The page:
Visit Oslo nails reverse psychology in new ad

Visit Oslo nails reverse psychology in new ad

An antidote to the often self-serious world of advertising has landed in the form of a self-deprecating Visit Oslo advert.

I recently wrote a review of my trip to Rome, and found it difficult to do justice to the peak of human civilisation. There are, of course, many sprawling metropolises painstakingly honed over millennia to showcase the height of beauty, culture, nature and the arts. Oslo isn’t on that list, and it wisely doesn’t try to be, but that doesn’t mean you shouldn’t visit.

‘Is it even a city?’ by Visit Oslo sees a jaded, disengaged local spend 1.45 minutes reluctantly meandering through the city’s tourist attractions, playing down the city’s virtues and actively dissuading visitors. The result is a deadpan (or literal, it’s hard to tell) video that has the effect of actually making you want to visit a destination that’s apparently lost on him.

Our take

My personal travel bucket list certainly includes the usual ‘must see’ destinations, but there’s something to be said for basking in simpler, more utilitarian cities.

‘Is it even a city?’ is a bold bit of promotional advertising, playing on Gen Z’s apathetic, over-stimulated, and perma-distracted leanings to depict how honest and pleasant experiences can be lost on some.

The aspects of the city that leave the narrator nonplussed as to their appeal cause the viewer to inwardly protest against his dismissive commentary: “But I kind of dig walkable destinations where you might bump into the prime minister on a walk, or stop for a spot of outdoor swimming”.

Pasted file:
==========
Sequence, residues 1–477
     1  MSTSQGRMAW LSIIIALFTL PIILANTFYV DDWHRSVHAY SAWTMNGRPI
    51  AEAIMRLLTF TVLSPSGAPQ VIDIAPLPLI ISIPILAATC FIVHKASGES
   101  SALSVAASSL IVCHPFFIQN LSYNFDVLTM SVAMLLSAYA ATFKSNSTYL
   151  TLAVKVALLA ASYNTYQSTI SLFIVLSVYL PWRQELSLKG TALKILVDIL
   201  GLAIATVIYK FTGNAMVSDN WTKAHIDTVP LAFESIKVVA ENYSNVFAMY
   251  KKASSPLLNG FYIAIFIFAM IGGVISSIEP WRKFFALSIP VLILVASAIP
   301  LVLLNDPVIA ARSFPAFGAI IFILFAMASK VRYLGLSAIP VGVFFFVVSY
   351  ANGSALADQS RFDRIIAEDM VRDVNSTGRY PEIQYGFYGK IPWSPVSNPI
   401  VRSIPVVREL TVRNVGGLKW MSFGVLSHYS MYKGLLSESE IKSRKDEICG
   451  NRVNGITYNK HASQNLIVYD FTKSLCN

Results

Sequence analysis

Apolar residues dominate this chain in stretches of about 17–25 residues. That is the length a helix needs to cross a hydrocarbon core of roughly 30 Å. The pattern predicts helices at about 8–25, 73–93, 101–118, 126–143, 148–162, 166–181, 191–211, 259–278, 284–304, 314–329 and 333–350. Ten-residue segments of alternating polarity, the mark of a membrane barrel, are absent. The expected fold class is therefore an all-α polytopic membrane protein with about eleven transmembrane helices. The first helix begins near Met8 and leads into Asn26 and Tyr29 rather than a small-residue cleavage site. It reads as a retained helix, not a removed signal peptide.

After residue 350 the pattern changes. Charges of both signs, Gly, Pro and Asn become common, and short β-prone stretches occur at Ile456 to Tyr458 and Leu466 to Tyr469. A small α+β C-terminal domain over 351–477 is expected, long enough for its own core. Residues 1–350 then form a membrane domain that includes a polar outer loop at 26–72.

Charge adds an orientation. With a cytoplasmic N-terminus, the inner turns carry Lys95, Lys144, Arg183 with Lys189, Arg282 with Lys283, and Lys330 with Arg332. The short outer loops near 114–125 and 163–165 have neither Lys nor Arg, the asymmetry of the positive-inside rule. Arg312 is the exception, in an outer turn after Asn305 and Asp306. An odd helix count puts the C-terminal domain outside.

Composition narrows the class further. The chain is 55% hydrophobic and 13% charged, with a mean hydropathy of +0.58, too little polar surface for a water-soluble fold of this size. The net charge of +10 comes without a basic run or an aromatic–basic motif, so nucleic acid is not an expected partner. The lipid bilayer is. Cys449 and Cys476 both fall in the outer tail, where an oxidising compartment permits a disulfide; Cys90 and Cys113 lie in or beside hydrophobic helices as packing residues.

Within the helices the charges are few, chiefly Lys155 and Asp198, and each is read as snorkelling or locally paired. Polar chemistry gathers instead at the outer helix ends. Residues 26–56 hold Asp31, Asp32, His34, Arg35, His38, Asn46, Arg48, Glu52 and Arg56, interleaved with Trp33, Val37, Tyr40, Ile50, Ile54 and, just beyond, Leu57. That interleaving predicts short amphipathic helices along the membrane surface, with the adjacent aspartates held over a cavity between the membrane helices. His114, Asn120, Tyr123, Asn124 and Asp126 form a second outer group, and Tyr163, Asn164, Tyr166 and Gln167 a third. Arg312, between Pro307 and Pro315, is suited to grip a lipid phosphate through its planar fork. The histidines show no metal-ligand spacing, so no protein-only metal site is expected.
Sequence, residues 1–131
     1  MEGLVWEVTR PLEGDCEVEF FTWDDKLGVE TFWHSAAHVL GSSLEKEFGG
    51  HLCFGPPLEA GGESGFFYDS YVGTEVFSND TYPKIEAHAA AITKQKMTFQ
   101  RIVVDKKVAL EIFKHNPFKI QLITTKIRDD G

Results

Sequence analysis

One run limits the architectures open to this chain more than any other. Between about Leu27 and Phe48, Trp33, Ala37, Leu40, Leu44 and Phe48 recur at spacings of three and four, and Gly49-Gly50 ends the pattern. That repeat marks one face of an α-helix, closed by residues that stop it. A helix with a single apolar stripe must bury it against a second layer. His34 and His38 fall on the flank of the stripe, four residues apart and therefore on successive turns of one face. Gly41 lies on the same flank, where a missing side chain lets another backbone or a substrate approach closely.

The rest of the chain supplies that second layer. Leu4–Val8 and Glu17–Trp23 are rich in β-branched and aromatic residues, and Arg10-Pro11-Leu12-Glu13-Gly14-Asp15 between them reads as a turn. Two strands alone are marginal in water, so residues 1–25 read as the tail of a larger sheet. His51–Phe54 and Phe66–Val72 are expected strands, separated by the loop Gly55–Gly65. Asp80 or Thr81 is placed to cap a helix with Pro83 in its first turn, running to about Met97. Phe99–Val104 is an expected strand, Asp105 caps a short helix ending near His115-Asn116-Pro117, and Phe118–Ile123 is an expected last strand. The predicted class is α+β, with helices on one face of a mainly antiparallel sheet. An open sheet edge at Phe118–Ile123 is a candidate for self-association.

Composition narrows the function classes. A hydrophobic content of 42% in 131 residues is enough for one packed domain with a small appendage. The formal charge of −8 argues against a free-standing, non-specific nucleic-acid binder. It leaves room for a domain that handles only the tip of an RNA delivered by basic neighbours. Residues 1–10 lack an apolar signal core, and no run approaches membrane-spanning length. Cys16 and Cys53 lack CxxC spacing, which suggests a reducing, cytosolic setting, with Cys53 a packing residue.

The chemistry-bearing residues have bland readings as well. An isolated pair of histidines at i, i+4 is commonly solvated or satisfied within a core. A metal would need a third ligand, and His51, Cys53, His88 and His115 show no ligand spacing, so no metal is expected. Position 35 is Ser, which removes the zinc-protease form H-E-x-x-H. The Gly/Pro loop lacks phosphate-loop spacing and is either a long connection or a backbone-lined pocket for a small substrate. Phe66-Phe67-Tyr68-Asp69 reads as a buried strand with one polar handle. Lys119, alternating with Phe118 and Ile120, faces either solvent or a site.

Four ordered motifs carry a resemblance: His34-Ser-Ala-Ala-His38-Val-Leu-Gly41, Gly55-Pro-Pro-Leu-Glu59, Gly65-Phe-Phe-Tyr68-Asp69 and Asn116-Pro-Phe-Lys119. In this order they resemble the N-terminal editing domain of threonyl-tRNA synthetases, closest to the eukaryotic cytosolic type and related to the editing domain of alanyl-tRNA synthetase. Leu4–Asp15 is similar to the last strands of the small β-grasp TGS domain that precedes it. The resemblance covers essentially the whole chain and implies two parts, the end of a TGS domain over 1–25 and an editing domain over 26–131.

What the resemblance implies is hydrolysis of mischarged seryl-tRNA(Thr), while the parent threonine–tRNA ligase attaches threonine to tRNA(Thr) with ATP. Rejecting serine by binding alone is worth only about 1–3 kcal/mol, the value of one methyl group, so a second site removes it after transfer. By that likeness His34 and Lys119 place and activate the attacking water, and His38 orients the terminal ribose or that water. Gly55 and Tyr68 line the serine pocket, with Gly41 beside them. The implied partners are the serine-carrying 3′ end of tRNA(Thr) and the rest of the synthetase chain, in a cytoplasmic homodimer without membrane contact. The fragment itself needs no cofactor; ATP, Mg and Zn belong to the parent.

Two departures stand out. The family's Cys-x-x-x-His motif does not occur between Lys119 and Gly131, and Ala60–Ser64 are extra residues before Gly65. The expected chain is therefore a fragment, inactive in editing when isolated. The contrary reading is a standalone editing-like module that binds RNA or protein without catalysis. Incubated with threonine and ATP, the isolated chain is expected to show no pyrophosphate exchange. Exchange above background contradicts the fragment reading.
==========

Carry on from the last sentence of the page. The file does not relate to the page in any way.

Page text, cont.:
Paradoxically, there’s also an appeal to the narrator himself. After all, who wants to be surrounded by overly enthusiastic busybodies anyway? There’s also a warm, nostalgic and utopian aesthetic to the directing choices, further counteracting the cynical narration.

This isn’t the first ‘anti-advertising’ travel advert that’s passed muster here at Creative Moment. This decidedly tantalising Faroe Islands advert is in a similar vein to Visit Oslo’s effort, conceptually at least. 

Being honest in advertising is one thing, but being actively hostile to your product is quite another. 

The Visit Oslo ad, however, has blown up somewhat on social media, with one LinkedIn post garnering hundreds of comments. This alone proves that Visit Oslo’s ‘risk’ has paid off. Time to search Skyscanner, I reckon.

If you enjoyed this article, you can subscribe for free to our weekly email alert and receive a regular curation of the best creative campaigns by creatives themselves.

Published on: